Saturday, April 03, 2010

Float like a butterfly, er, mosquito

When I went to get my vision checked in November last year, the optometrist referred me to an ophthalmologist to check out "some things going on" in my eyes.  Both doctors mentioned the presence of "floaters." Since the floaters weren't in my line of vision, and since the doctors told me they were very common, I wasn't the least bit concerned.

All that changed late Thursday night.  A new floater popped up, one that appears to be hovering about three inches in front and just to the right of my right eye.  It's a group of little black "threads" that have joined together to look like a side view of a fairly large mosquito.  I've known a couple of other people who have had floaters, and they've told me, "Eventually, I got used to it."  I'm counting on that.

In the meantime, it's driving me insane.  I never realized how many tiny eye movements are involved in the routine business of life, but there are thousands of them. And with each little upward or downward or left-to-right flicker, this bug-thing darts in front of me.  Have you ever used a computer mouse that wasn't adjusted correctly so that the slightest movement of the mouse made the cursor jump clear across the screen?  That's how this floater moves.

It's distracting when I read, although its position keeps it from blocking the words I need to see.    If I'm reading the left-hand page of a book, the floater flutters around on the right-hand page.  If I'm reading the right-hand page, the floater crawls around on my hand.  It flies all over the place when I'm looking at the computer screen.

Yesterday, after drinking a cold Diet Coke, I glanced into the glass and saw a "bug" sitting on the pile of ice cubes.   I moved my eyes and, in my peripheral vision, saw it fly away.

The floater is much less noticeable when I watch TV as it seems to get lost in the motion.  I noticed the same thing yesterday when I was driving; it didn't bother me at all.  Maybe I need to do more things that involve movement.

Or maybe I'll just wait and see if I get used to it.


SPEAKING OF EYES...
Doctors who advertise on television fascinate me.  They are probably quite competent in the performance of their professional services, but often their amateurish commercials make them seem to lack confidence.

On the other hand, there's one local eye surgeon who speaks with assurance of his abilities and of his experience:  "more than 20,000 Lasik surgeries."  He makes me believe he's  probably quite good at what he does.  Still, there's just something about him...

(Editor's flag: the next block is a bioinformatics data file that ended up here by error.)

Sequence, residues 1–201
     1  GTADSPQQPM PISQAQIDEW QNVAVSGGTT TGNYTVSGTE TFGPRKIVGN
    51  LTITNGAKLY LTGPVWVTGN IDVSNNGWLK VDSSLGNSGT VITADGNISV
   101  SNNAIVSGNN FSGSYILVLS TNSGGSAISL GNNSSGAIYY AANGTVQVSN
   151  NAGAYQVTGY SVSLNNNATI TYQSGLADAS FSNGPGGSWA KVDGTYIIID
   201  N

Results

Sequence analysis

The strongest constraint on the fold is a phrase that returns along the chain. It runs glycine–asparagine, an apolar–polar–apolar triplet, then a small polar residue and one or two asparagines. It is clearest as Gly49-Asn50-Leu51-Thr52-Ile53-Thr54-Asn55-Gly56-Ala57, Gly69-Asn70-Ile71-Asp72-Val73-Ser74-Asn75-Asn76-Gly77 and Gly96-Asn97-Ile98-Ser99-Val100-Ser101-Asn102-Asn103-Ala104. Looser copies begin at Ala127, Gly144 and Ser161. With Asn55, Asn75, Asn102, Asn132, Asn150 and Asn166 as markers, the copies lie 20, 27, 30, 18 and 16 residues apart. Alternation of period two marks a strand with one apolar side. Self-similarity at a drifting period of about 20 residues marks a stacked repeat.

7 comments:

  1. I also have to see an Ophthalmologist for the same reason. The floaters got on my nerves in the beginning but I did get used to them and they eventually go away....for a while....then new ones appear. I have been told on good authority not to worry, so I'm not going to. My biggest fear is macular degeneration. With my love of reading, it would be so cruel to lose my sight....so I don't think about it. I just go every 6 months to get my eyes checked and put my faith in the ones who know all about this stuff. As it is, I'm very near sighted and always have been. (thank God for contacts)
    LOL, looking at that "doctor's" picture, I wouldn't let him operate on me if HE paid ME. He looks a bit deranged to me.
    Take care.

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  2. Velvet, I'm so glad to see you back! But I'm really sorry about the floaters...they sound so distracting! I don't know if I could get used to them, although I've been told there is little else I could do in your situation.

    I hope it doesn't keep you from writing more...

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  3. Velvet, you have been missed! While I'm most sorry to hear of your floaters... I have them too... so annoying to swat at a bug that isn't there. I feel that I look crazy!

    But the photo.... has me rolling in laughter!

    Hope you are otherwise well and enjoying the new addition to the family!

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  4. Val, the fear of suddenly becoming unable to read is a big one for me, too. Since writing this post, I've also started having flashes of light in the same eye, so I've followed the directions of the Internet and placed a call to the eye doctor. I'm waiting for the nurse to call me back and hoping she'll tell me it's just an age-related thing and not the retinal tear the Internet warns about.

    Marion, I'm not used to it yet, but it does seem to be getting better each day. I think the only thing that keeps me from writing is a mile-wide lazy streak.

    Holly, you're young to have floaters. Did you have an eye injury at some time?

    As for the photo, I'm glad some of you share my twisted sense of humor.

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  5. I've had floaters for a long time, and sometimes I amuse myself by moving them around by moving my eyes. I lead a very dull life. But I also shoo away "bugs" before I realize they're floaters.

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  6. Janet, you're not alone. By the second day I was practicing making my floater go around in a circle.

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